Social Media Marketing GSP: A Tweet-book

First Set of TweetsToby Bloomberg is not the type to let the dust gather. She is always looking at things, asking “what can we do with that” and, rather than just asking, she starts trying and doing. She is a force to be reckoned with!

She is at it again with her latest experiment, Social Media Marketing GSP: A Tweet-book. She asked me to be one of her guinea pigs… um… I mean interviewees… for chapter 6 on communities and networks. Of course, I had to say yes. Here is a bit of context. My tweets are embedded. Let’s see if this makes any sense!

So what’s a Twitter-book you may be asking? It’s a book written using Twitter as platform and distribution channel. Social Media Marketing GPS #smgps is the first business book to experiment with this format.

This Twitter-book is structured as a “real” business book and includes: a foreword, introduction and chapters. Each chapter will have a 1 question interview with people knowledgeable about the topic. All posts will be hash-tagged #smgps.

Chapters and interviews will be tweeted Monday – Friday through the end of April. I invite you to join me in this experiment in a new way to write a business book. Please add your insights and learnings to the stream; they’ll be incorporated into the book. My ultimate goal is that this Twitter-book will serve as a resource about social media written by and for marketers. So explore .. have fun .. discover and don’t be afraid to try it out.

second set of tweets Now that Toby is on chapter six, she has sussed out the process a bit and suggested earlier in the week that preparation is worth it, and that trying to not get carried away with too many tweets is also useful. That asks the writer to be both succinct per post (140 characters) and overall. With the size of the question Toby asked me, that was challenging. How to be brief but substantive, eh? It is harder than it looks.

It is also interesting to try and express something that both works read forwards and backwards. Readers reading back on Twitter, get it from tail to head. Those reading the recap on the blog and eventually the “book” (whatever form that might take) get it in order. Tricky. Interesting.

As I tweeted out my 12 140 character or less contributions, a few people wondered if I a) should be writing a blog post instead (they missed the context and Toby’s intro, I suppose) b) had too much nervous energy and c) how they might contribute. I think the burst of volume might not have been appreciated by all those people following me.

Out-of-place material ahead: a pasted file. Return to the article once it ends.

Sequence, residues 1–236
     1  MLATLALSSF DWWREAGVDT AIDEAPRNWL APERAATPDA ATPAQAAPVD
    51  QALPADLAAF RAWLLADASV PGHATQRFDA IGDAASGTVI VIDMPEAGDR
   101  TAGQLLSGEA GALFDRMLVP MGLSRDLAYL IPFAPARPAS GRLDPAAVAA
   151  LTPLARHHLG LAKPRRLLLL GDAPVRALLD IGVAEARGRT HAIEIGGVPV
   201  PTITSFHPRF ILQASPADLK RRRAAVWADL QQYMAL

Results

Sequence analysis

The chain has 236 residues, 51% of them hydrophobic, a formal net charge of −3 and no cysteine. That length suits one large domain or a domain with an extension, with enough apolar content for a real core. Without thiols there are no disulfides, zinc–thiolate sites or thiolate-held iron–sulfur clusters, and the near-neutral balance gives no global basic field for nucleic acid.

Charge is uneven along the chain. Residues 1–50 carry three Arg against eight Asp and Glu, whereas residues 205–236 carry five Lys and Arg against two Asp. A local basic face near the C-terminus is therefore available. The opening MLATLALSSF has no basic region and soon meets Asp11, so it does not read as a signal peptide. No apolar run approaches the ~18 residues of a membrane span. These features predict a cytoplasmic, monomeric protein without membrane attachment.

Hmmmm… what do you think? final set of tweetsAre we pushing a medium too far or is this a useful, creative application? Or something all together different?

Here are a few other creative writing experiments with Twitter:

The interview for Chapter 6 is also now up here.

3 thoughts on “Social Media Marketing GSP: A Tweet-book”

  1. Nancy – Thanks for your too kind words and for playing along with this Twitter experiment to learn if there might be a new way to write and distribute a ‘book.’ One of my questions was – could tweets be written as unique full thoughts and at the same time be incorporated into a more comprehensive structure like the section you wrote? Reading your tweets the answer is “yes.”

  2. I love this idea – two things I love about it: getting in there and just giving it a go (how can we know if a new idea will work unless we try it out?) and the way 140 characters encourages brevity, clarity and touching on the essence.



  3. People have always loved writing unique, concise pieces of wisdom. We see pre-digital twitter on grave-stones such as:

    “I Told You I Was Sick”,
    “Here lies the body of Jonathan Blake, Stepped on the gas instead of the brake.”,
    “Here lies my wife: here let her lie! Now she’s at rest, and so am I.” (John Dryden on his wife!)

    I love these. See some more i.e. on (;

    SMS was also a revolution for communication. Yesterday, Deutsche Telekom in Germany apologised for an embarassing server break-down last week by offering clients free sms. A record number of 85000000 sms were sent – more than at Christmas and New Year! People just love sms and, especially if it’s free, only having 160 characters at our disposal will continue to allow us to communicate without clutter.

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